First Peoples’ Gathering House to open in 2023
A ceremonial space where the SFU community can celebrate Indigenous knowledge and culture will open on the Burnaby campus in 2023.
“I’m very excited this project is moving forward; the First People’s Gathering House will be ‘our home away from home’ and the heart and soul of Indigeneity at SFU,” says Ron Johnston, director of the Office for Aboriginal Peoples. Johnston is an SFU alumnus, and a member of the former SFU Aboriginal Reconciliation Council (SFU-ARC) which was dissolved in 2017, once the ARC Report was handed off to former SFU President Andrew Petter, in Coast Salish protocol and ceremony.
“Longhouses are important gathering places in our communities where teaching, learning, ceremony and protocols are upheld and practiced and are at the centre of our Indigenous cultures,” he says. “Now we will have such a place at SFU.”
SFU’s 2017 Walk this Path With Us report outlines 34 calls to action to create and support an improved environment for Indigenous community members. The longhouse represents both a step toward lasting reconciliation with Indigenous Peoples, and SFU’s continued reconciliation efforts.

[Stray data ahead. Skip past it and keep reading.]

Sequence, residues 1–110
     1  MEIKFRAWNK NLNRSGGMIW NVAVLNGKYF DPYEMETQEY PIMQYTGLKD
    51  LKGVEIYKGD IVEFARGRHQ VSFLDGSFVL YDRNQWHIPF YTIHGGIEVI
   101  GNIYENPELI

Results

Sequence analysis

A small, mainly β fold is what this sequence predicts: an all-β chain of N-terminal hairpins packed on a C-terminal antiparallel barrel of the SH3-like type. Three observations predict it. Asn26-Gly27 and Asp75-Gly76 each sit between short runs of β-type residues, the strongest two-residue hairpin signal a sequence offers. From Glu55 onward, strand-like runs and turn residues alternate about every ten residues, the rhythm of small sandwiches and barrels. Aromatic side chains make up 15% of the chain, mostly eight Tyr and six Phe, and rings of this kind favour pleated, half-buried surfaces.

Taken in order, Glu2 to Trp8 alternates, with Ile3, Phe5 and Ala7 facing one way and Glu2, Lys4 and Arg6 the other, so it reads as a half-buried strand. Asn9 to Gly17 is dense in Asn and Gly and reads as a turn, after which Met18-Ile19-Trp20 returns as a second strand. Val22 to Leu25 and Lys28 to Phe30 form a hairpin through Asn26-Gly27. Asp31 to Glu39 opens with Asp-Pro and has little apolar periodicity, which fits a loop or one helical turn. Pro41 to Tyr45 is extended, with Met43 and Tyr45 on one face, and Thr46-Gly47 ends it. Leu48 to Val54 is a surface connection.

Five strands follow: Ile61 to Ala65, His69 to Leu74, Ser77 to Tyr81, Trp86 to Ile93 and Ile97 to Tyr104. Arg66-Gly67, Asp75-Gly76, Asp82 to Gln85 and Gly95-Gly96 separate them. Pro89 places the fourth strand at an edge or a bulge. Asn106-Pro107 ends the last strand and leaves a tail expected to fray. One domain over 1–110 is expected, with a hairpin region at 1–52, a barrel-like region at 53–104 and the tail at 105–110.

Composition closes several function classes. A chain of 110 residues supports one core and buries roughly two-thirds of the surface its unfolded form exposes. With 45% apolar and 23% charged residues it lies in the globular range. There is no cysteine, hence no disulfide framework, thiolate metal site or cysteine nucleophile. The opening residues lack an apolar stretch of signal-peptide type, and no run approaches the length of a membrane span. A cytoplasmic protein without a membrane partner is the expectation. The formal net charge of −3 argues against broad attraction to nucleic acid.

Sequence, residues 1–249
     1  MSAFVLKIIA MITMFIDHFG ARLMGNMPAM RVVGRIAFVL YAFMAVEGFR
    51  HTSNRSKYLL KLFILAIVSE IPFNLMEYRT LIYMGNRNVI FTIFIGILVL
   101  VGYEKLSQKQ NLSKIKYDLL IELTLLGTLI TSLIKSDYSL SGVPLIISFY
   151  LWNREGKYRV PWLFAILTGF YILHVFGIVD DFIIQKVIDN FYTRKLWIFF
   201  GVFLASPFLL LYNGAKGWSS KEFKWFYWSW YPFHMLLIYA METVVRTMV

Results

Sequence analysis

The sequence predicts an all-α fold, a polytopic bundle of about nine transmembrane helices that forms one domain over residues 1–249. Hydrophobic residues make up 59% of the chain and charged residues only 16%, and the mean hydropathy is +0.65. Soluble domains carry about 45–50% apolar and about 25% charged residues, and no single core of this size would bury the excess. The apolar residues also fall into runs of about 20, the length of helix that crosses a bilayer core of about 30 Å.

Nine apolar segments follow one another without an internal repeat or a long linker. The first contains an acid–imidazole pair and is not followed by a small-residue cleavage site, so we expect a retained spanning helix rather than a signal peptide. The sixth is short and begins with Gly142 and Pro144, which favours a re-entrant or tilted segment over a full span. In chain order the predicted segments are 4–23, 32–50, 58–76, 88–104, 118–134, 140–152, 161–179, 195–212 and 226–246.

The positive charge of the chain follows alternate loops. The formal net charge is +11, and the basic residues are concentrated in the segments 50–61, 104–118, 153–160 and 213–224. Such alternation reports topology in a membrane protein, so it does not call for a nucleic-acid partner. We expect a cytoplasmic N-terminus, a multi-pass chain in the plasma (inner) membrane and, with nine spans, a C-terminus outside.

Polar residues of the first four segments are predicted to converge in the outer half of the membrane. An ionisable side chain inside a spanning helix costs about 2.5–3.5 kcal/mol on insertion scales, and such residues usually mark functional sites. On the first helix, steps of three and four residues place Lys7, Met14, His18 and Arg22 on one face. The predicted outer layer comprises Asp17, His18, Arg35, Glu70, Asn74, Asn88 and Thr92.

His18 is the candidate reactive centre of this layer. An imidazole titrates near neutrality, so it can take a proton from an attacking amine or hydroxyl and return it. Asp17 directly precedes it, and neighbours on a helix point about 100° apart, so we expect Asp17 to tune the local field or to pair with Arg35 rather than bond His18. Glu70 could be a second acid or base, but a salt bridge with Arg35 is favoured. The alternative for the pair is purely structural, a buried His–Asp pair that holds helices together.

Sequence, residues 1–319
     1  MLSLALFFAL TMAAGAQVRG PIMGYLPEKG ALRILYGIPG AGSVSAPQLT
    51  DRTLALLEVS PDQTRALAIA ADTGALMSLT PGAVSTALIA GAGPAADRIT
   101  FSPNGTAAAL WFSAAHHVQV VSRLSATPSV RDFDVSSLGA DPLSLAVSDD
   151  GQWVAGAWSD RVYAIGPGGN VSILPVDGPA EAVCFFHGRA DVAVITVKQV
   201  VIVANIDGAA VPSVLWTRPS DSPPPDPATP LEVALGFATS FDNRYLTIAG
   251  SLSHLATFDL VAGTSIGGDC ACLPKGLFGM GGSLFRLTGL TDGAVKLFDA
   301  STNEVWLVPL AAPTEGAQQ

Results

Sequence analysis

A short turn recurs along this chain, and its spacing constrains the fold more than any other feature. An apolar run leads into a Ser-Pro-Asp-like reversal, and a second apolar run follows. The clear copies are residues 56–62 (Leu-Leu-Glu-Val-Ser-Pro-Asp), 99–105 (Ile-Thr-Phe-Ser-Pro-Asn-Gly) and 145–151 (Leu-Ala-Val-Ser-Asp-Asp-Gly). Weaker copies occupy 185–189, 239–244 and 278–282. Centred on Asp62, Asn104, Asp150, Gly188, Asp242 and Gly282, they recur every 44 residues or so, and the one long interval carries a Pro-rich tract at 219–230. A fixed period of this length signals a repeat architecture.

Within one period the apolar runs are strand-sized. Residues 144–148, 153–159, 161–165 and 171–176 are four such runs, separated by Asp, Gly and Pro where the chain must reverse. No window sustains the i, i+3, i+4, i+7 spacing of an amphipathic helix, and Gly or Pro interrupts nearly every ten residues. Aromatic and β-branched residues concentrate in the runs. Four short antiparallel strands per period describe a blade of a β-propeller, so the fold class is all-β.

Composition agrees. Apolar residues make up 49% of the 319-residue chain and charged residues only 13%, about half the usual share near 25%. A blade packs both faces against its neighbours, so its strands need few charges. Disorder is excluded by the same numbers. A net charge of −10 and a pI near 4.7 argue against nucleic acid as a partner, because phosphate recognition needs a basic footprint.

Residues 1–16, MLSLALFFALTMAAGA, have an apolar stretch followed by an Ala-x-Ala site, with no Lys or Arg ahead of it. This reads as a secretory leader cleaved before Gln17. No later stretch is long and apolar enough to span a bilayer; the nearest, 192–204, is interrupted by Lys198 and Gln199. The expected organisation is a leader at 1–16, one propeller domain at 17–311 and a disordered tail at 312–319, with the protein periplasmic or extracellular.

During Orange Shirt Day on Sept. 30, 2020, the Office for Aboriginal Peoples and others held a special ground-awakening ceremony in front of the Strand Hall Annex at the eastern end of the Burnaby campus. The longhouse, which will replace the aging annex, is funded jointly by the provincial government and SFU at a projected cost of $15 million. Construction will begin in 2022.
Eldon Yellowhorn, associate professor, Indigenous studies and member of the former SFU-ARC, has helped to champion the project and believes the First Peoples’ Gathering House “will exceed our dreams, and be a very special place for all of us.”
Gabriel George, from Tsleil-Waututh Nation, and Indigenous studies professor Rudy Reimer (Yumks) conducted the Kwis Ns7eyx̱ (Witness) ceremony in accordance with age-old Coast Salish protocol and practice. The Kwis Ns7eyx̱ ceremony is at the heart of Coast Salish culture and protocol and has been practiced since time immemorial. It’s the way in which Coast Salish People document and record their oral histories of important events and activities that take place on their lands.
Witnesses included Coast Salish artist Angela George, who is a graduate of SFU’s Executive MBA in Indigenous Business Leadership; Deanna Reder, associate professor and chair of the Department of Indigenous studies; Marie Brunelle, human rights’ office director; and Sobhana Jaya-Madhavan, associate vicepresident, external relations. The project’s three lead architects, Ouri Scott, Shelley Craig and Jake Chakasim from Urban Arts Architecture Inc., were blanketed to honour and inspire them and their work.
The First Peoples’ Gathering House will include a large ceremonial hall for hosting special events of up to 300 attendees. It will include a dressing room, an Elders’ room, a classroom, a wellness room, and a multi-generational Indigenous Peoples’ lounge, as well as a food-service kitchen.